Dragon Age: Origins splits up the dwarf origin stories into two factions: noble and commoner. Opting for the latter route forces both you and your sister into the service of a crime lord known as Beraht. While you perform menial tasks and errands for Beraht, your sister is educated and beautified in hopes of becoming desirable enough to be impregnated by a dwarf noble. Eventually, the dwarf commoner gets caught up in Beraht’s schemes and faces one of two choices: become a Grey Warden or face exile. This storyline is one of the few origins where the player character starts from the absolute lowest rungs of society, so it warms my heart to see them become the Hero of Ferelden and make something of themselves.
9. Hawke (Rogue or Warrior), Dragon Age II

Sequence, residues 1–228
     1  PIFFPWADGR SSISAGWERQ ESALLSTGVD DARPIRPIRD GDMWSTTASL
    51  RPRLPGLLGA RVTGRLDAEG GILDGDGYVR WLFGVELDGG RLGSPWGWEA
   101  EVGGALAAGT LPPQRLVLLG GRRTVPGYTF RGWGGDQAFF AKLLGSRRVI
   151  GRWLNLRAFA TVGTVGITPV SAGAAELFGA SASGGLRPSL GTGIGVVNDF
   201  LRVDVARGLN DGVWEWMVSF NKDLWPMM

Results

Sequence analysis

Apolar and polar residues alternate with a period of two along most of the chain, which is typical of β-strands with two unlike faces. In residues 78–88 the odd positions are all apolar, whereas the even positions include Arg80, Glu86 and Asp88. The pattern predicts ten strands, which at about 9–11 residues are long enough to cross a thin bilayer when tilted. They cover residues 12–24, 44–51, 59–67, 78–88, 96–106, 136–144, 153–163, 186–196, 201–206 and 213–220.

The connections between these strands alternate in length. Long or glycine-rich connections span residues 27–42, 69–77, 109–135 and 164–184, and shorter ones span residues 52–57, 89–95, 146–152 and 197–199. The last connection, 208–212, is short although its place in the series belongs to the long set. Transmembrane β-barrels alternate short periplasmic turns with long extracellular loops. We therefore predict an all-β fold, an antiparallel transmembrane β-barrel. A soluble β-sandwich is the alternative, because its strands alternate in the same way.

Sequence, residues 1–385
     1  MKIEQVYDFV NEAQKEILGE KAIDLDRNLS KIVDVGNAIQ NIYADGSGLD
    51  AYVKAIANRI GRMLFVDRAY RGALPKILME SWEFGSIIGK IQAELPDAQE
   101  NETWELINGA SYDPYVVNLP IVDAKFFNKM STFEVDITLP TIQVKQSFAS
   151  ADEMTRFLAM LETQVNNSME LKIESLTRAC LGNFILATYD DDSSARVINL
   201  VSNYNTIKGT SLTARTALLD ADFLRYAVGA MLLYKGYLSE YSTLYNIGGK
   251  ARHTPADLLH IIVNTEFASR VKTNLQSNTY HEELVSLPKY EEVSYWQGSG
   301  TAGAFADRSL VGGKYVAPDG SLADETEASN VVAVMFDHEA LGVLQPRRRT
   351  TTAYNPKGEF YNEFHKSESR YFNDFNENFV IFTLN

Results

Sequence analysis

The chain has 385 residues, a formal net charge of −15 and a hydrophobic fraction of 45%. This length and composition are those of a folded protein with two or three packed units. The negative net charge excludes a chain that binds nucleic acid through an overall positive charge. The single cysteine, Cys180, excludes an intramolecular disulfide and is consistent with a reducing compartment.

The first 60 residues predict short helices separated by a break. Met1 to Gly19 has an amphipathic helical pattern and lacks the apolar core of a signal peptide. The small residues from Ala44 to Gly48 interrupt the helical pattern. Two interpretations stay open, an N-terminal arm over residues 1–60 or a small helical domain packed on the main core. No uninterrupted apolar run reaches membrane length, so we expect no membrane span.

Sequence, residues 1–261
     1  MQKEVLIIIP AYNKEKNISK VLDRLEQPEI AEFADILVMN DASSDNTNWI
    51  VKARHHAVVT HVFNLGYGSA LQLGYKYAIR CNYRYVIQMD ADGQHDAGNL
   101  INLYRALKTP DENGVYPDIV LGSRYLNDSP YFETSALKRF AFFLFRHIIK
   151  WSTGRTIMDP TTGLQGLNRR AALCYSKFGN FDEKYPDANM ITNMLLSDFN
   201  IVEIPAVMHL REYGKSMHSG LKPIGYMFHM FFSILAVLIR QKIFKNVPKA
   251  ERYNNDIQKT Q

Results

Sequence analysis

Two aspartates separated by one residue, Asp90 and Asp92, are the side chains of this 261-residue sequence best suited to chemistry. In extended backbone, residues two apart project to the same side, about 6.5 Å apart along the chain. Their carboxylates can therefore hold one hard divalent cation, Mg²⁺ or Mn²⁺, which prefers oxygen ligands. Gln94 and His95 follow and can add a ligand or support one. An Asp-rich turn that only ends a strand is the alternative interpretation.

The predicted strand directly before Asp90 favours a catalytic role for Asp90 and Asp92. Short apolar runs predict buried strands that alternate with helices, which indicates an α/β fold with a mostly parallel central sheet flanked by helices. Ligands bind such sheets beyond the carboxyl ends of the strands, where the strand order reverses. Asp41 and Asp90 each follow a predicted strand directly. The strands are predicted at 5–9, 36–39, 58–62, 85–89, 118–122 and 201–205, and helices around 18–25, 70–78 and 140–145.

Dragon Age II takes a slightly different approach to its origin story, with the player character having the same predefined race, family, and general plot regardless of any options you choose. The only main differences are which class you play as and which of your siblings survives the journey across the sea to Kirkwall. While witty, sarcastic Hawke is my all-time favorite Dragon Age character, the rogue and warrior class options in Dragon Age II do nothing special for the storyline—hence coming in at #9 on this list.
8. Dalish Elf, Dragon Age: Origins
7. The Magi, Dragon Age: Origins